Tanning Beds Psoriasis

In the pursuit of managing psoriasis, a chronic skin condition characterized by red, itchy, and scaly patches, patients and healthcare providers alike are constantly on the lookout for effective treatment options. Among the myriad of therapies available, one method to treat psoriasis that has sparked both interest and debate is the use of tanning beds. This article delves into the role of tanning beds in psoriasis management, exploring why tanning beds increase their potential benefits and improve psoriasis,, risks, and how they compare to other treatments to manage psoriasis, including an emerging therapy known as Red Light Therapy.

Psoriasis affects millions worldwide, not just physically but also emotionally and psychologically, making the quest for an effective treatment all the more critical. As we explore the use of tanning beds for psoriasis, it's important to approach the topic with an open mind, armed with knowledge and understanding of both the science and the personal experiences that shape our perspectives on this controversial treatment option.

Understanding Psoriasis

an image of Understanding Psoriasis

Psoriasis is a long-term autoimmune disorder that causes skin cells to divide more quickly, accumulating more cells on the skin's surface. This buildup and skin damage result in the formation of red, scaly patches of damaged skin that can be itchy, painful, and, at times, embarrassing for those affected. Psoriasis can appear anywhere on the body but is most commonly found on the scalp, elbows, knees, and lower back.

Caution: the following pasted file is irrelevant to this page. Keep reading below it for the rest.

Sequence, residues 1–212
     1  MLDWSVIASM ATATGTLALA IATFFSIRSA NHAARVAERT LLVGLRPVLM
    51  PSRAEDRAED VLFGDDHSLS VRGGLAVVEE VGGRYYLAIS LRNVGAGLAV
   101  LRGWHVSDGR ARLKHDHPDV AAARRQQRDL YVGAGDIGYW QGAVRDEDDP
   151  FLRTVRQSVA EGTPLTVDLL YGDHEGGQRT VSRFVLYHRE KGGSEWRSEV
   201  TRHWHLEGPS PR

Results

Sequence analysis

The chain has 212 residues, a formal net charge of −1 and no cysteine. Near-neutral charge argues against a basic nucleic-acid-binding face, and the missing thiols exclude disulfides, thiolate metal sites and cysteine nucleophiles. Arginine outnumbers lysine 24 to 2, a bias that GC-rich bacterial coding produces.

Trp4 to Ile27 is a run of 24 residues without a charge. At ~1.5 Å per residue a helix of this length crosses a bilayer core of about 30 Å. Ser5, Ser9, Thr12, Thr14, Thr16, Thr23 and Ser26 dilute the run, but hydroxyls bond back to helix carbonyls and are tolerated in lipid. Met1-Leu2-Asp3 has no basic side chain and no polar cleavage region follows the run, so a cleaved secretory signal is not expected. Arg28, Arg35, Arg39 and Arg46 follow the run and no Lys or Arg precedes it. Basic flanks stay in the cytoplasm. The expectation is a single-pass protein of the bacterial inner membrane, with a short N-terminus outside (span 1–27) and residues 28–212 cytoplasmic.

Types of Psoriasis

Psoriasis comes in various forms, each with its own set of characteristics:

  • Plaque Psoriasis: is the most common type, characterized by raised, red patches covered with a silvery-white buildup of dead skin cells.

  • Guttate Psoriasis: Typically seen in children and young adults, this form appears as small, dot-like lesions.

  • Inverse Psoriasis: found in the armpits, groin, and under the breasts, this type causes smooth patches of red, inflamed skin.

  • Pustular Psoriasis: is a rare form that causes pus-filled blisters on the skin.

  • Erythrodermic Psoriasis: is the least common type, characterized by a red, peeling rash that can cover the entire body.

Symptoms and Triggers

an image of a woman with psoriasis.